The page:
6 Ways to Protect your Kids From Porn

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I’d like to begin this post with a warning from the U.S Justice Department:

“Never before in the history of telecommunications media in the United States has so much indecent and obscene material been so easily accessible by so many minors in so many American homes with so few restrictions.”

If that sounds about right, it will be sobering to consider that it was written in 1996—before wireless broadband, before iPads, before selfies and sexting. Before pornography took over twelve percent of the Internet, with more than 25 million sites today raking in over $5 billion a year. Before it was considered common practice, as it is today, for porn consumption to begin with a first encounter around age 11 and go on to radically shape the ideas that teens and young adults have about sexual intimacy.

Now, before you tell me that there’s no way your child is looking at porn, consider this: Porn is made, not by back alley perverts peddling nude photos to dirty old men, but by multimillion dollar companies that have a vested interest in getting kids—your kids—into porn when they are young.

Two week ago I was contacted by a prominent leader in the Church. He told me that his teenage son just confessed to him that he had been looking at porn regularly for the past year. The man said to me, “I talk to parents all the time about why it’s so necessary that they protect their children, that they get accountability and filtering software, but I never did.” You might be surprised at how many times I hear that from people who should know better.

So here are five things that you need to start doing if you want to protect your children from porn:

1. EDUCATE YOURSELF

Educate yourself about the dangers of pornography. If you aren’t convinced that porn is harmful, you won’t be motivated to protect your family from it. Here are three free resources that can help. 1) A free ebook on up to date Pornography Statistics , 2) Bishop Loverde’s recent pastoral letter on pornography, Bought with a Price, and 3) a great article by Dr. Donal L. Hilton, Jr. on how porn affects the brain, Slave Master: How Pornography Drugs and Changes Your Brain.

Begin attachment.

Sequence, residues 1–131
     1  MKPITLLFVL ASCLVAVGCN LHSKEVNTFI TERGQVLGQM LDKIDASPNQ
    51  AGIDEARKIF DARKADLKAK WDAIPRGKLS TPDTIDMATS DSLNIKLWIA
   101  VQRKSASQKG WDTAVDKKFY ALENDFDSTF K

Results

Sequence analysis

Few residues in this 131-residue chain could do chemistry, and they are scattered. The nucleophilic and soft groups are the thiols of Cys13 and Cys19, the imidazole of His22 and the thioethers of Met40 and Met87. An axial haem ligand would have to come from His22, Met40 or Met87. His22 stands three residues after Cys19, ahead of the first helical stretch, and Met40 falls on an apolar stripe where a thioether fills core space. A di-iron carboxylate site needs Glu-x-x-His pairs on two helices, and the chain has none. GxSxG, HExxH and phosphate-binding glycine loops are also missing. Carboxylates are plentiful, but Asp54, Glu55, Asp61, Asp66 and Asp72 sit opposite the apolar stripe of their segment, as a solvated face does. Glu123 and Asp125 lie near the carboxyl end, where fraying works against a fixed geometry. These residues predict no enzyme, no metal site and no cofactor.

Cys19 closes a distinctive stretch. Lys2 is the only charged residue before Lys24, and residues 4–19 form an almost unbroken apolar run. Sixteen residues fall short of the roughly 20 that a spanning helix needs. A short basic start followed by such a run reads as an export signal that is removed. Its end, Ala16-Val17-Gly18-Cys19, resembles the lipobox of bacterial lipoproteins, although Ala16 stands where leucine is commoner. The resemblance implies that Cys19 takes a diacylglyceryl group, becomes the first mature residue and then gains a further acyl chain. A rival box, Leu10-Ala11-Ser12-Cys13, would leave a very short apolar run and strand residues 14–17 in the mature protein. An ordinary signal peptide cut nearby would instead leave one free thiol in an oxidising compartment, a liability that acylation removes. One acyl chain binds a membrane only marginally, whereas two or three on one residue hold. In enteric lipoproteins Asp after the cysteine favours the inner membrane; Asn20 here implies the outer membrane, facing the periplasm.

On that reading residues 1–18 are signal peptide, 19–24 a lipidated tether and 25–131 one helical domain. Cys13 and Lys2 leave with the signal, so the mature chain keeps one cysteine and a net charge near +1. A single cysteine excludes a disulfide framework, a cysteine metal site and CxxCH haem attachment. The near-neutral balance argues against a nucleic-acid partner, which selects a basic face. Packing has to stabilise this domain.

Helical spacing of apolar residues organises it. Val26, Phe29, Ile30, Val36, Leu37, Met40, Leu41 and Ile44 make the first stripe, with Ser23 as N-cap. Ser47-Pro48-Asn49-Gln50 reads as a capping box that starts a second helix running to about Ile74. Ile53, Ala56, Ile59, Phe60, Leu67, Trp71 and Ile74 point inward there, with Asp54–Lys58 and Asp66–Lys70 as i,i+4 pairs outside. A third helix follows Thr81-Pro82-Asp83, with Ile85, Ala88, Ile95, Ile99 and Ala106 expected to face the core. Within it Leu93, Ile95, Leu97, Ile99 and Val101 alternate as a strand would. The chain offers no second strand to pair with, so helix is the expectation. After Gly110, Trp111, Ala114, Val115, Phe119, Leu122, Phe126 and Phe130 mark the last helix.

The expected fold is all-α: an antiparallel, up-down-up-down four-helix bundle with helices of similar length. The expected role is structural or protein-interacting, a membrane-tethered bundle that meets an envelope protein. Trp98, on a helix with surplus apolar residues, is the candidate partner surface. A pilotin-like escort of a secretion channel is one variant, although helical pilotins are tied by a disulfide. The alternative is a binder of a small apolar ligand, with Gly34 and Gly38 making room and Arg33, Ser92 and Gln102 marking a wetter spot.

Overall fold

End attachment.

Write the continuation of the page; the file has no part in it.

2. TALK TO YOUR KIDS ABOUT PORN

Talk to your children about pornography. One former pornographer, Martin Daubney, after having researched how pornography affects the minds and lives of children, wrote this:

“Like many parents, I fear that my boy’s childhood could be taken away by pornography. So we have to fight back. We need to get tech-savvy, and as toe-curling as it seems, we are the first generation that will have to talk to our children about porn. We have to tell our kids that pornographic sex is fake and real sex is about love, not lust. By talking to them, they stand a chance. If we stick our head in the sand, we are fooling only ourselves.”

One way you can learn how to talk to your children, in an age-appropriate way, about the dangers of pornography is by getting the book, Good Pictures Bad Pictures: Porn-Proofing Today’s Young Kids.

3. PUT PROTECTIONS IN PLACE

You need to put all the proper protections in place. You need to use technology to your advantage to block access to pornographic images. There are places online children (or anyone for that matter) have no business going to, and there are technological ways to prevent children from accidentally or purposely finding these places.

When I meet parents and speak to them about the destructive nature of pornography, I never ask them if they have internet filtering and accountability software on their computers, phones, and tablets. I ask them what internet filtering and accountability software they use. In other words, it’s if you want to protect your kids from porn, filtering and accountability is not an option, it’s a necessity.

4. KNOW EXACTLY WHERE THEY GO ONLINE

Parents need to access accurate information about what your kids are already doing online. You need to be monitoring all the places your kids go online, all the choices they’re making. This is what distinguishes accountability software from filtering. Filtering blocks the bad stuff but it doesn’t tell you where your kids went online, or what they searched for. Accountability software does.